Fuel Lines: inspect fuel lines as best you can. Check very closely every spring, including fill and vent hoses. Look specifically for softness, brittleness or cracking. We found a leak because of a bad clamp. Remember, you are dealing with combustible fluids!
Fuel Tanks: check your tanks annually, as well as pumps and filters. Replace your filters every spring.
Electrical Connections: inspect as many electrical connections that you can for cleanliness and tightness. Corrosion is often a sign that your connection may not be a good one, especially on battery cables. It’s a good idea to remove the terminals and wire brush them along with the cable ends.
Bilge Pumps: check for leaks and for float switch operation as well as corrosion.
Trailer Tires: inspect tire treads and sidewalls for wear, cracks and replace as necessary.
Tire Inflation: ensure that you have the appropriate air pressure for your tires and don’t forget the spare!
Bearings: Inspect bearings and repack if necessary.
Trailer Lights: inspect all trailer lights, brake lights, turn indicators and don’t forget the reverse lights.
Trailer Winch: Have a look at the winch and cable or strap. All can wear and become dangerous in time. If any parts are not working properly they should be replaced right away.
Trailer Frame: we encourage inspection of all the working parts and electrical system of the trailer, however, don’t forget the trailer itself. Look for rust and action accordingly.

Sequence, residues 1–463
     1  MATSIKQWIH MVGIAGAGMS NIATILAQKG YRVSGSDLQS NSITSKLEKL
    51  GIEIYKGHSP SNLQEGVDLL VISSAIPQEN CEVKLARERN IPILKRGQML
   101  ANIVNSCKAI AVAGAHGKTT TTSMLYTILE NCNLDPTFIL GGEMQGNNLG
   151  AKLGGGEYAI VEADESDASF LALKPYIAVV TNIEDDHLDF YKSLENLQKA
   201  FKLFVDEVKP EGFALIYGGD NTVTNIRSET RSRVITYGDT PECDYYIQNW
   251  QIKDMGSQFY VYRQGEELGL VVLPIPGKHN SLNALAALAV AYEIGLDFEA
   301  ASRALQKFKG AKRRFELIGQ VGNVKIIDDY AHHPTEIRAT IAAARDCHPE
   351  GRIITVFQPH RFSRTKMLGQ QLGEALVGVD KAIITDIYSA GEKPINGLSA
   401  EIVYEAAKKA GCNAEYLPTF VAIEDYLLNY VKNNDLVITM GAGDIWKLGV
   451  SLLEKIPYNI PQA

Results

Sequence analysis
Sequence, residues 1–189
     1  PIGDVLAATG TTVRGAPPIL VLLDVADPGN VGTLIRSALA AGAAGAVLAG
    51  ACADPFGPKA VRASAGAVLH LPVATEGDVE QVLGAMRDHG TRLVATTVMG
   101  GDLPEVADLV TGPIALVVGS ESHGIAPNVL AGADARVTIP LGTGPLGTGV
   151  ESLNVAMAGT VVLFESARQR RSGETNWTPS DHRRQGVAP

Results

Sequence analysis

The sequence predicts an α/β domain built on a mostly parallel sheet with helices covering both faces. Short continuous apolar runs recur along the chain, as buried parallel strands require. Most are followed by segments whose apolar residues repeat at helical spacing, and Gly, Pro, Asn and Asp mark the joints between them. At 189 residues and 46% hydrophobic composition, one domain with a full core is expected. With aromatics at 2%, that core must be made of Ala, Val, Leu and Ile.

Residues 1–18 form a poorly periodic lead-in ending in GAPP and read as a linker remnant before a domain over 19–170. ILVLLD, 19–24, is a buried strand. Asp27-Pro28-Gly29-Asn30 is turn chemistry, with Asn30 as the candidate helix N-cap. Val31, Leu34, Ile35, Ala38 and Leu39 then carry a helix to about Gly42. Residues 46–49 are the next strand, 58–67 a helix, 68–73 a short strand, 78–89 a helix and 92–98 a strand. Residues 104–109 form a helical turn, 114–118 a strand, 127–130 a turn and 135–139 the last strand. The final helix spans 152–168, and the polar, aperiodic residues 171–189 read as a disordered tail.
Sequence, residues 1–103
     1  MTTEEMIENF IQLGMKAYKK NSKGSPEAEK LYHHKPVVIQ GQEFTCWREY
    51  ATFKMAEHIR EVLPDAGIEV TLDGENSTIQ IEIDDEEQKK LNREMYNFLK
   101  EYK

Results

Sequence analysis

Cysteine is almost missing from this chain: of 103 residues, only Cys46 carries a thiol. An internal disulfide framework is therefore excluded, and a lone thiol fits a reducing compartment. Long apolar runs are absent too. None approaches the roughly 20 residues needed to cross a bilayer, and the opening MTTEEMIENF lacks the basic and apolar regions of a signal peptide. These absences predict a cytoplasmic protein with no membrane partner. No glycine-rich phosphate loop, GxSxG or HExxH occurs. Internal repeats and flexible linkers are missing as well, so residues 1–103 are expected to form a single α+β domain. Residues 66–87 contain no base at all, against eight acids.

Flares and Fire Extinguishers: every spring, before you head out, you should check your safety equipment, especially flares and fire extinguishers for expiration dates and pressure, if appropriate. Give extinguishers a bit of a shake to keep the powder loose.
Ropes and Lines: Have a quick look at your lines – make sure they are not damaged, chafed or deteriorating, and replace as necessary. Keep lines untangled and coiled for ease of use.
Charts and Maps: examine your charts and maps – update or replace as necessary.
Emergency Lights: your emergency lights and signal devices should be inspected and make sure you have new batteries.
Running Lights: make a quick check to see if all of your running lights are working.
Check it Out
Don’t have an item on the checklist? Need a part? Visit our full retail boating store in Manson or online at ReedsMarine.org for all your boating supplies and parts. Not sure what the part number is, or the make and model? Give us a call and we will make sure we help you find what you need! 866-447-9502
Federal Dock and Local Launch Permits:
We carry annual and daily federal dock permits and launch permits for Old Mill Launch on Lake Chelan. Just stop on in and pick up your permit at the counter.
Boating Safety Class?…Yes it’s Required!
All boaters 35 years of age or younger are required to obtain their Boater Education Card. The phased-in period for compliance will continue until 2016 for various age groups. Boaters born before January 1, 1955 will be exempt from having to obtain a Boater Education Card.
*Passing the Washington boating safety course may make you eligible for a discount on your boat or PWC insurance. Send a copy of your boater safety certificate to your agent and start saving!
Stop in Reed’s Marine to pick up your free copy of the Boater’s Safety Book.
Call us today for any of your boating needs or questions.